Advisory committee criticizes DHS info-sharing upgrade

A panel of outside experts advising the Homeland Security Department on the development of the department's effort to upgrade its computer-based platform for sharing sensitive but unclassified information with DHS' partners has found the project to have a series of “deficiencies."

The advisory panel has recommended that until those problems are fixed, DHS spend no additional money on the upgrade project except to improve business plans and processes.

Those recommendations from the Homeland Security Information Network Advisory Committee (HSINAC) obtained by Federal Computer Week echo many of the findings in a Government Accountability Office report issued Oct. 8. DHS plans to finish migrating users to the Homeland Security Information Network Next Generation (HSIN Next Gen) platform from the current Homeland Security Information Network (HSIN) by next October. 

The HSINAC memo to DHS leadership, dated Sept. 17, criticized DHS’ efforts to engage the eventual users of the HSIN Next Gen platform as “immature and under-resourced.” The panel also said HSIN Next Gen  lacked a “fully articulated business strategy with prudent management controls” and there is an "inadequate definition" of HSIN Next Gen's role with respect to other information-sharing systems.
The advisory committee also said the project lacks “interagency coordination and cooperation; a cohesive implementation plan; and a fully implemented end-user requirements generation and validation process.”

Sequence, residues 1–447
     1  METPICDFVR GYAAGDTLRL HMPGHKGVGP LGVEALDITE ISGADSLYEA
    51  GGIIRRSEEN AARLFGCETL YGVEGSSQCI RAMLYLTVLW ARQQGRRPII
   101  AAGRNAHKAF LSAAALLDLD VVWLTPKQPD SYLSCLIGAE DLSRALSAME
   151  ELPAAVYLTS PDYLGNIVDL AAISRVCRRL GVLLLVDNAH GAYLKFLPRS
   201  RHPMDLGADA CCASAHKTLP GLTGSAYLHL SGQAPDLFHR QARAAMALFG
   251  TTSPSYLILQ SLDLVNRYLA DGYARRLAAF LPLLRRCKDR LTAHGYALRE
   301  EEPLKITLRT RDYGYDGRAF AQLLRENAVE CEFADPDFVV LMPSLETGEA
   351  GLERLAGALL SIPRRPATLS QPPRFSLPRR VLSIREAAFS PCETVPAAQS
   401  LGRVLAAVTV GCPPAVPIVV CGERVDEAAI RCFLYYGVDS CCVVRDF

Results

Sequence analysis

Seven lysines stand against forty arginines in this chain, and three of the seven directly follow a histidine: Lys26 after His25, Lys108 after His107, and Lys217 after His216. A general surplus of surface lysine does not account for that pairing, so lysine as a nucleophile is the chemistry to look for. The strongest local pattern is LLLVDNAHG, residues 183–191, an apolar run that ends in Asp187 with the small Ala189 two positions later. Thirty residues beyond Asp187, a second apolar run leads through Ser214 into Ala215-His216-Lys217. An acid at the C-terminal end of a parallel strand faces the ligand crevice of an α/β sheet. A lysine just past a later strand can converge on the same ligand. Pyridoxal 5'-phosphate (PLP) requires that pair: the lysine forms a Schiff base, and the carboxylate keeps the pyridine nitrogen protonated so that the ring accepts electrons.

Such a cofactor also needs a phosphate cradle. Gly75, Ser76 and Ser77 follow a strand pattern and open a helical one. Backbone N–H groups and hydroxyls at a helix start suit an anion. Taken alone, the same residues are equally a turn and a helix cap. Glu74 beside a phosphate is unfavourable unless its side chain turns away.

In addition, the advisers said DHS should fix the current HSIN system as a "stop gap while developing a plan to implement HSIN Next Generation." According to GAO, DHS halted further improvements on the original HSIN in September 2007 and has since focused on HSIN Next Gen. HSIN Next Gen is an upgrade to the current HSIN system.

The HSIN Next Gen upgrade will cost up to $62 million, and according to GAO, DHS estimates it has spent a total of $91 million on the current HSIN through fiscal 2008.

“No further funds should be expended for HSIN Next Generation except for the development and vetting of a cohesive business plan and implementation of a sound requirements generation and vetting process,” until the deficiencies are rectified, the HSINAC panel recommended.

The original HSIN, now in use, has been criticized for not meeting user requirements. In July, two of the House Homeland Security Committee’s senior Democrats asked DHS to suspend work on HSIN Next Gen until requirements for the platform’s users had been defined and validated. Also, GAO said its report of Oct. 8 that “investing money given the current state of management controls puts the project at risk.”

In May, DHS awarded a contract worth as much as $62 million to General Dynamics to work on HSIN Next Gen. The first phase of the effort, that was driven by the HSIN Critical Sectors (HSIN-CS) priority requirements, was completed on Aug. 25.